We begin by noting that it is unclear from the court's memorandum of decision which legal theory it relied on to resolve the claims before it. By way of example, it is unclear whether the court concluded that the plaintiff had failed to make out a prima facie case, whether the defendant had proved one of its special defenses or whether the court decided the case on the basis of a legal theory it raised sua sponte. This ambiguity is furthered by the court's use of the word “may” in the judgment to indicate that, to the extent that the plaintiff had a claim, it was against the subcontractors. Indeed, the court did not state a legal theory imputing liability to the subcontractors and failed to explain how any putative liability on the part of the subcontractors affected the plaintiff's claims against the defendant in this case. Moreover, because the subcontractors were not parties to this action and the language in the judgment regarding potential claims that the plaintiff might have against the subcontractors was irrelevant to the legal issues between the actual parties, this language was mere dicta. Accordingly, the record does not reveal the legal basis for the court's judgment.1
Although the plaintiff argues that we should nevertheless reach the merits of its appeal because the court's reference to the subcontractors in its judgment confirms that the court relied on one of the defendant's special defenses to reach its conclusion, we decline to engage in such conjecture. As we often have observed: “Our role is not to guess at possibilities, but to review claims based on a complete factual record developed by a trial court․ Without the necessary factual and legal conclusions furnished by the trial court ․ any decision made by us respecting [the appellant's claim] would be entirely speculative.” (Internal quotation marks omitted.) Chase Manhattan Bank/City Trust v. AECO Elevator Co., 48 Conn.App. 605, 608-609, 710 A.2d 190 (1998). Furthermore, “Practice Book § 66-7 provides in relevant part: Any party aggrieved by the action of the trial judge as regards ․ articulation under Section 66-5 may, within ten days of the issuance of notice of the order sought to be reviewed, make a written motion for review to the court, to be filed with the appellate clerk, and the court may, upon such a motion, direct any action it deems proper․ [P]roper utilization of the motion for articulation [and the motion for review] serves to dispel ․ ambiguity by clarifying the factual and legal basis upon which the trial court rendered its decision, thereby sharpening the issues on appeal․ The burden of securing an adequate record for appellate review of an issue ․ rests with the ․ appellant․ Because it is the ․ appellant's responsibility to provide this court with an adequate record for review ․ we will not remand a case to correct a deficiency the ․ appellant should have remedied.” (Citations omitted; internal quotation marks omitted.) Conservation Commission v. Red 11, LLC, 119 Conn.App. 377, 387-88, 987 A.2d 398, cert. denied, 295 Conn. 924, 991 A.2d 566 (2010). “[W]e will, in the absence of a motion for articulation [or a motion for review], assume that the trial court acted properly.” (Internal quotation marks omitted.) Berglass v. Berglass, 71 Conn.App. 771, 789, 804 A.2d 889 (2002). Accordingly, because the record does not reveal the basis for the court's judgment, and the plaintiff failed to file a motion for review, we are unable to review this claim.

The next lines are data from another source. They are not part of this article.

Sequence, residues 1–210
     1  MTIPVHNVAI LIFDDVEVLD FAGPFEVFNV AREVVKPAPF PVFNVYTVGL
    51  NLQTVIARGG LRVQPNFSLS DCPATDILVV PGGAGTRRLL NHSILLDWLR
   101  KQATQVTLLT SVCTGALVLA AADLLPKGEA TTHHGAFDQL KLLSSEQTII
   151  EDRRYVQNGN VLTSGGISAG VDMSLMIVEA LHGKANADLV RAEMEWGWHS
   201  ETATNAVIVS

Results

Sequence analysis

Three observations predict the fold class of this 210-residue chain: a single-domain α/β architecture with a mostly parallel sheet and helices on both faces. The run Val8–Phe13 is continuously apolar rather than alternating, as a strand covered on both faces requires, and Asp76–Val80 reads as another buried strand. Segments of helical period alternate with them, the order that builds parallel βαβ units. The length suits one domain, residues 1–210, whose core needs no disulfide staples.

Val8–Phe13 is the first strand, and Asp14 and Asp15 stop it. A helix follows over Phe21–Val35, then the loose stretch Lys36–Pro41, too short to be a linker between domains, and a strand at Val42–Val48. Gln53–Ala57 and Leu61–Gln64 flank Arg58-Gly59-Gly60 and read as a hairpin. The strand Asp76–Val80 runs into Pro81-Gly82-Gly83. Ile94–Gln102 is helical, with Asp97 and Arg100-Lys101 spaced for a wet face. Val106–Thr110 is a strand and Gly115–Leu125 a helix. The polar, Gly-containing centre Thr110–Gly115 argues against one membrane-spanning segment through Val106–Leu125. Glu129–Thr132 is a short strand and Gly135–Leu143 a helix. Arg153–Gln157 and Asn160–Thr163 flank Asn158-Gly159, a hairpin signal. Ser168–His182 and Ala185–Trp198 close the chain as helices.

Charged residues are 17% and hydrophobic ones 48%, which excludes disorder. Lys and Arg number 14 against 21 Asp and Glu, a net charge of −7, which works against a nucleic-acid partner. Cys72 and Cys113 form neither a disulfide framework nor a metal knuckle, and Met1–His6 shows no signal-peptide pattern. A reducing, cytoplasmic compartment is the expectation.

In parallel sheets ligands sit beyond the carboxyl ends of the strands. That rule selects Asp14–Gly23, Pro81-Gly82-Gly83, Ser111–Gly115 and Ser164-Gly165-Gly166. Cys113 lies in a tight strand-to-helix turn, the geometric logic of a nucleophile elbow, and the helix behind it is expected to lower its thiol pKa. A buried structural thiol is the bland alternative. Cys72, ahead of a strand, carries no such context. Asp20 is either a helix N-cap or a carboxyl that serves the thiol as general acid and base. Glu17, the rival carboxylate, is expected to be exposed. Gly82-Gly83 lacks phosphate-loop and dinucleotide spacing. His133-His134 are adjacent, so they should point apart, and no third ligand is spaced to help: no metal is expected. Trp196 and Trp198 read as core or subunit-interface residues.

The judgment is affirmed.
1. Moreover, we note that the plaintiff agrees with our assessment in this regard. During oral argument before this court, the plaintiff conceded that the court could have based its decision on any one of the special defenses asserted by the defendant.